"Gray divorces," which are divorces that occur in marriages where the couples are over 50, have been researched by Bowling Green State University and a published study reveals some surprising and alarming results.
Since 1990, the divorce rate in the United States has not changed significantly. On the other hand, the gray divorce rate has doubled.
One of the main problems when an older person divorces is the increased likelihood they will spend their elderly years in poverty.
The Elder Law Prof Blog reported on this study in "The Rising Impact of Unpartnered Older Adults and 'Gray Divorce'."
As anyone who has ever been through a divorce knows, divorce has a high financial cost. After a divorce both of the ex-spouses normally take awhile to recover from those costs completely.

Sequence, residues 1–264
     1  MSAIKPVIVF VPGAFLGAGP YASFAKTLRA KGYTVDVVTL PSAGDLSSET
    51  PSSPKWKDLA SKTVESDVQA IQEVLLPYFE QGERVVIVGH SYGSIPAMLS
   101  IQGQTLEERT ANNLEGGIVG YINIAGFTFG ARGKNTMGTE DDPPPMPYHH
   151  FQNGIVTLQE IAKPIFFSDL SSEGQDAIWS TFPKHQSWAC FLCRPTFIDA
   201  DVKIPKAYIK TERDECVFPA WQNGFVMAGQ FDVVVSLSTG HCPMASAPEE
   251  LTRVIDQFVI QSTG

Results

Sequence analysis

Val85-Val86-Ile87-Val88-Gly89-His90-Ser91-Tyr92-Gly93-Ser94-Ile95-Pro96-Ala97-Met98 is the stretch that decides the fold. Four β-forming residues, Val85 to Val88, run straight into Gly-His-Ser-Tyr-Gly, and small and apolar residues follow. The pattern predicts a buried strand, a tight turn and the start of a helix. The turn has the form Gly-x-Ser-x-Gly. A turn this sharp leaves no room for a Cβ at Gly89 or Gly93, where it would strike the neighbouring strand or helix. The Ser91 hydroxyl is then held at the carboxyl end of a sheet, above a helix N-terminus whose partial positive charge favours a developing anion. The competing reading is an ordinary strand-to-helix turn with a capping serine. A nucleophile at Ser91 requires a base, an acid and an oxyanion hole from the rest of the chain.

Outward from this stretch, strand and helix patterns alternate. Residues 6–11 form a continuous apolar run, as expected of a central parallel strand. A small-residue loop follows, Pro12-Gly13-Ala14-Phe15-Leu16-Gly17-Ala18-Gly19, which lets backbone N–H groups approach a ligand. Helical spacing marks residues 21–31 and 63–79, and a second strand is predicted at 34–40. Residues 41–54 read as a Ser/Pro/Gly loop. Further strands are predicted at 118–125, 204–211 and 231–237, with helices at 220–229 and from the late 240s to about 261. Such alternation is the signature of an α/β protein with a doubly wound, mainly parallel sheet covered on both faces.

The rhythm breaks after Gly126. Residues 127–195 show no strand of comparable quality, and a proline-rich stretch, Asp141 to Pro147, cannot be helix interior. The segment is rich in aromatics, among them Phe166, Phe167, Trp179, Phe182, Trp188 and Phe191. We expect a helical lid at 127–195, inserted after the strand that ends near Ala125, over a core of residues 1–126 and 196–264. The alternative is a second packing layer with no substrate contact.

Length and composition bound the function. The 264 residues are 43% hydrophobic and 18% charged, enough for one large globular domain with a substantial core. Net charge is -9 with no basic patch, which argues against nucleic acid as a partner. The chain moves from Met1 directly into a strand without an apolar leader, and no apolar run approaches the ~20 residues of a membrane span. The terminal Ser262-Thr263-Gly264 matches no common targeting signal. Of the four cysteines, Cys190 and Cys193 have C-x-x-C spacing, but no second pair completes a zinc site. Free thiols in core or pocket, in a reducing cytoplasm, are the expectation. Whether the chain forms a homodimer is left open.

For many people who get divorced after the age of 50 there simply is not enough time to recover before they reach the age of retirement.
In some cases, especially when there is no premarital agreement, this eventually leads to poverty.
The more elderly people living in poverty the more pressure there is on the elder law system and the programs designed to assist the elderly. That will impact society in general.
Rising elderly poverty rates also create problems for younger generations because they will need to shoulder more of the financial burden of helping elderly family members without an eventual inheritance to recoup that outlay.
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Reference: Elder Law Prof Blog (Jan. 15, 2016) "The Rising Impact of Unpartnered Older Adults and 'Gray Divorce'."